The world of horses is awash with superstition – carrying a green handkerchief in the betting ring will bring bad luck, as will changing a horse’s name or eating peanuts at the track. But if you spit on your finger and rub it on a horse, your fortunes will improve.

In the case of trainer Lindsay Hatch, luck is all about shoes. Whatever pair he has on when one of his horses wins, he will wear again to the next race day. “If I have a bad trot, those shoes get the sack, and I change into another pair,” said the 52-year old who, with wife Tracey, heads Hatch Racing based at Bahram Training Centre on the Gore Highway, Westbrook.

On these 71 acres, owned by Toowoomba businessman Gregg Wagner, is one of the state’s finest facilities, where thoroughbreds are broken in, pre-trained, trained and then raced at regional and metropolitan tracks.

At Bahram, horses live in roomy stables with yards attached; their feeds are individually prepared; they train on both sand and turf tracks and exercise on treadmills and state-of-the-art water walkers.

They are provided with every opportunity to reach their racing potential.

Of course, not all end up winners or even make it to a race day. Sometimes, because of injury or poor performance, they have to leave the world of racing. “We always try to re-home them and many end up as show hacks or jumpers,” said Hatch.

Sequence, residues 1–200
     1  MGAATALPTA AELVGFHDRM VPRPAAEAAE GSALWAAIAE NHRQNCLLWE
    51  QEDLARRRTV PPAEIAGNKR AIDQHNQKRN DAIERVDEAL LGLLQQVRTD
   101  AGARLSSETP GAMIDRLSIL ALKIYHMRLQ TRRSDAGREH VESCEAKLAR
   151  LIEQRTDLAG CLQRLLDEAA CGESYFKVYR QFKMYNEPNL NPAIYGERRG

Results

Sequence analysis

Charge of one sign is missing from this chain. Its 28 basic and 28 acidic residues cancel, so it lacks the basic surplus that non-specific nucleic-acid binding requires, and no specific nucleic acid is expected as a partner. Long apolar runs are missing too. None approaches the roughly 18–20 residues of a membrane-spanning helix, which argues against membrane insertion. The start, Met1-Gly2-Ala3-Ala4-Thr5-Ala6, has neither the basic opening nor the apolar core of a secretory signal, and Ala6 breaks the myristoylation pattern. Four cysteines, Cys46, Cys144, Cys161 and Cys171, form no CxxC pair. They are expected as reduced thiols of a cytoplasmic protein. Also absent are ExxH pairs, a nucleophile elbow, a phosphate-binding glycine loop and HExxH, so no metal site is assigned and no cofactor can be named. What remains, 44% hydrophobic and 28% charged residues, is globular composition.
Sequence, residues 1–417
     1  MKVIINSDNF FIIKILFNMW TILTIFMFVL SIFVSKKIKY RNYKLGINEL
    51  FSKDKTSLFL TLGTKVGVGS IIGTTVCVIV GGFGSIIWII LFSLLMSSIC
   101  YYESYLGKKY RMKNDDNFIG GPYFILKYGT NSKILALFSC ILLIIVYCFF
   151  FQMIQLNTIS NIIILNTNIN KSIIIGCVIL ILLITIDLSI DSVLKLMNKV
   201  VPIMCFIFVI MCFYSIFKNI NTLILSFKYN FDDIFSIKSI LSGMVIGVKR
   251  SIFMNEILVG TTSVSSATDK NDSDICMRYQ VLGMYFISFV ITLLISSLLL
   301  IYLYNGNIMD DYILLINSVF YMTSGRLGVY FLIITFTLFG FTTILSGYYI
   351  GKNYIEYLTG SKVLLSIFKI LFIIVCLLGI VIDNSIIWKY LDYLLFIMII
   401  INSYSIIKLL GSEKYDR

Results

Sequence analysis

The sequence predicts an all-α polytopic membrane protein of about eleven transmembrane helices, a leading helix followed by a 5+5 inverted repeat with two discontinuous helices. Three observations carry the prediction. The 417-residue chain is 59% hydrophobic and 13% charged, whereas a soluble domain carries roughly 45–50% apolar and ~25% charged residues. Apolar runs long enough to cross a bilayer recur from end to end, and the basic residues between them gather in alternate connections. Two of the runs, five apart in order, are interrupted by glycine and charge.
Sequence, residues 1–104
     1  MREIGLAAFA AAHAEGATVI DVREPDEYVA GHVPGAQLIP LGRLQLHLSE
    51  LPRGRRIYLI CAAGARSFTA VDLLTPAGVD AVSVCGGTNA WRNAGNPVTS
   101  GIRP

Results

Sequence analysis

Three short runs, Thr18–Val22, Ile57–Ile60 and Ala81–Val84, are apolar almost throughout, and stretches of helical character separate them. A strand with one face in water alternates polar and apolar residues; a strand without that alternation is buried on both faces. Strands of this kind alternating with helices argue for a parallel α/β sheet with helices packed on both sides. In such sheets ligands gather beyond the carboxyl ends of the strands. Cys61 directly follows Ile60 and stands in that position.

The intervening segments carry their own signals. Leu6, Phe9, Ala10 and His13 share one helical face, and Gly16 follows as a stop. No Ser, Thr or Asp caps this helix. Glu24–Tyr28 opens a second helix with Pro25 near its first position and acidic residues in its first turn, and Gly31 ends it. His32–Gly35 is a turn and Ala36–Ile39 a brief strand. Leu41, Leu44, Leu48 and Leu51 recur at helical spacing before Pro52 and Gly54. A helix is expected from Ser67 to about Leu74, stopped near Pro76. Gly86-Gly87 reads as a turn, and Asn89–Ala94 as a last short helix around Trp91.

His daughter, 12-year old Jade, is a keen showjumper presently being coached by Tom Sedger of Murphys Creek, who also shoes the Barham horses. Hatch’s son, 14-year old Thomas, is proving to be a talented League player.

Hatch was his son’s age when he began as an apprentice to his father, who was also a trainer. He was Tommy Smith’s travelling track rider to Malaysia, took out a hobby trainer’s licence in 1997, and was a trainer in Toowoomba.

In Melbourne, he was an assistant to John Sadler at Flemington, and then worked for two and a half years for the Darley team under Peter and Paul Snowden.

“It was great to learn from top trainers like them,” said Hatch, who returned to Toowoomba with his family in 2014 and set up his own business.

January 2017 was an outstanding month for the trainer: Transporter won at Eagle Farm. A week later, Rhyme Nor Rhythm, Helarocity, Jadentom and Captain’s Way were all victorious at Toowoomba, but it was the outcome of the bowel cancer surgery, which he underwent a day after the races, that was the greatest success. “The surgeon was very happy and gave me the all clear,” proclaimed Hatch.

Soon after the operation, Hatch was again up at 3am with his team preparing horses for track work training. This normally means he is in bed by 7.30pm. “Our social life’s restricted somewhat, but that’s what happens when you’re married to a racehorse trainer,” said Tracey. And that’s something her husband wants to be at least for the next 10 years. “There are some good people in racing and there’s not much about it that I’d want to change,” said Lindsay.

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